Raymond Doherty 6 Dec 2018 02:19pm

Auditors need to improve "front end" work

The Financial Reporting Council say it is not meeting the requirements of auditing standards

The review was on the work done by auditors on the other information (OI) in companies’ annual reports, also known as the “front end”. OI is all financial and non-financial information included in an annual report other than the financial statements and the audited parts of the directors’ remuneration report.

The FRC said investors are increasingly using this information as a way of assessing a company’s prospects, and may use it, along with the financial statements, to support investment decisions in the capital markets.

The FRC examined how the Big Four, BDO and Grant Thornton checked annual reports for the year ended December 2017 at 30 listed companies.

The regulator said it found too many instances where insufficient work was performed to support the statements made by auditors in respect of the OI in their reports.

Mike Suffield, acting executive director for audit at the FRC, said, “Auditors must improve the extent and quality of the work that they perform on the front end of the annual report.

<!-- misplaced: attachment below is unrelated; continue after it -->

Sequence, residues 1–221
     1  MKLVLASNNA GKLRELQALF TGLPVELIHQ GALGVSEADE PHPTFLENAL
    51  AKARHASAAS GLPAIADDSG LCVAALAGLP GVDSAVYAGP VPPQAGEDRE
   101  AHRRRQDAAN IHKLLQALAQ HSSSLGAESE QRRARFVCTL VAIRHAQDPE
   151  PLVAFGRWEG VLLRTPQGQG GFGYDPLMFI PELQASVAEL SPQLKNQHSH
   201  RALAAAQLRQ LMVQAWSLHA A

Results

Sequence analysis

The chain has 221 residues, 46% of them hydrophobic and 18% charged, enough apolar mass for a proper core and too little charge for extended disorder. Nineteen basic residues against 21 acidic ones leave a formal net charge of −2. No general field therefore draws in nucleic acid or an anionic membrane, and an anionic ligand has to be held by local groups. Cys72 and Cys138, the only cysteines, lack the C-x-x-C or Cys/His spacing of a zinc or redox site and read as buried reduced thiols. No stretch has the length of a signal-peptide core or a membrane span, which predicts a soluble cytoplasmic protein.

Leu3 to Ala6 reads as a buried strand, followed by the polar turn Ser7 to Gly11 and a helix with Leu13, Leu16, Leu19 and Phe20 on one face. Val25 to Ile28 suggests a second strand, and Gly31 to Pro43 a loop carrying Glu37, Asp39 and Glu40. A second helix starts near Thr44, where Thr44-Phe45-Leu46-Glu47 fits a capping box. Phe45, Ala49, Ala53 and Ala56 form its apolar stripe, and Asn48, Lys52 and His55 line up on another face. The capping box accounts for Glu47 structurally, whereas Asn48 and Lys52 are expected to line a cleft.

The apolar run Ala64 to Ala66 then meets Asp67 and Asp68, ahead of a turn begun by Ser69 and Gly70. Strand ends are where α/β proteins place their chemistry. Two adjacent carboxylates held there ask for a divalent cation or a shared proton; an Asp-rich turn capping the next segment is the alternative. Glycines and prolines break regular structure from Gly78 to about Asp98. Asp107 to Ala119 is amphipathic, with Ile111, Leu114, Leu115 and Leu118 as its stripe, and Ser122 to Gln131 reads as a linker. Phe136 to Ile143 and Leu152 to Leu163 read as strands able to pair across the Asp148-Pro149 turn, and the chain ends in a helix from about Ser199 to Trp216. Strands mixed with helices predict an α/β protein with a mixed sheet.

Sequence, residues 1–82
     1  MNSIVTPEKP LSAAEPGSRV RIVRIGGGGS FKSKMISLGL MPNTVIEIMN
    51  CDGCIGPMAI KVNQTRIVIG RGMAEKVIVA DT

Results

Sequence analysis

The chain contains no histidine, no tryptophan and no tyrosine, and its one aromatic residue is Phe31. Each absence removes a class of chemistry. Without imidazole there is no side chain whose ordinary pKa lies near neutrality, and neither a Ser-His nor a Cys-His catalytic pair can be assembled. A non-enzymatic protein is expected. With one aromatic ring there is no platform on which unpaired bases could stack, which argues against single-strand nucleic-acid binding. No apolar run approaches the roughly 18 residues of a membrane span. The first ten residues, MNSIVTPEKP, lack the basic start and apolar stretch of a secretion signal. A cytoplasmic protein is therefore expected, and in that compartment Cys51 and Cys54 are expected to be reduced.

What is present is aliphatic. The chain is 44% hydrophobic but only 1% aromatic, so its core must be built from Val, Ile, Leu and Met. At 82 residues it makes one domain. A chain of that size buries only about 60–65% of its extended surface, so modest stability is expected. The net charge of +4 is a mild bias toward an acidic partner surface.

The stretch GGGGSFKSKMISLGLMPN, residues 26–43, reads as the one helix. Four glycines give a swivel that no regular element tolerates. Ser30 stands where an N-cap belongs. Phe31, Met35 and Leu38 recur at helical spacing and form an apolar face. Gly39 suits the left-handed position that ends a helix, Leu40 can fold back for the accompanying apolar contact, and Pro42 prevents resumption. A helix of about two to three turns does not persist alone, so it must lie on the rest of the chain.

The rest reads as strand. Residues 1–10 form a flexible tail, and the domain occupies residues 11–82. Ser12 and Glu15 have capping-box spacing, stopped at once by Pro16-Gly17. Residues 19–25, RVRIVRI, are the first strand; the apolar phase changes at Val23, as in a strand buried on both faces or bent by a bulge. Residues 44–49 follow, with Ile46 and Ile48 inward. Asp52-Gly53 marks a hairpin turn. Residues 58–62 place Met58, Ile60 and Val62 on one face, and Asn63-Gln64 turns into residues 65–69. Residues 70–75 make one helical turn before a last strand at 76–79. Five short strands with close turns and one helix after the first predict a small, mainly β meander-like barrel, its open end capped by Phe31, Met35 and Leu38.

“The FRC will review the requirements on auditors in this area in auditing standards, as part of its current project reviewing auditing standards, to see what changes are necessary to help improve the work carried out.

“We will also consider in detail the requirements for assurance over information included in the front end as part of our recently announced project on the future of corporate reporting.”

The FRC outlined a number of recommendations to improve auditors’ performance, which included: more targeted procedures, based on more prescriptive guidance from audit firms; greater emphasis on their review of key non-financial information; increased scepticism and more attention paid to the completeness of information, particularly in relation to principal risk disclosures and their linkage to viability statements.

In addition, it called on boards to prepare appropriate documentation to support key areas of the OI such as the viability statement; and ensure that staff with the appropriate experience and knowledge to identify potential material misstatements and inconsistencies, are assigned to review the OI.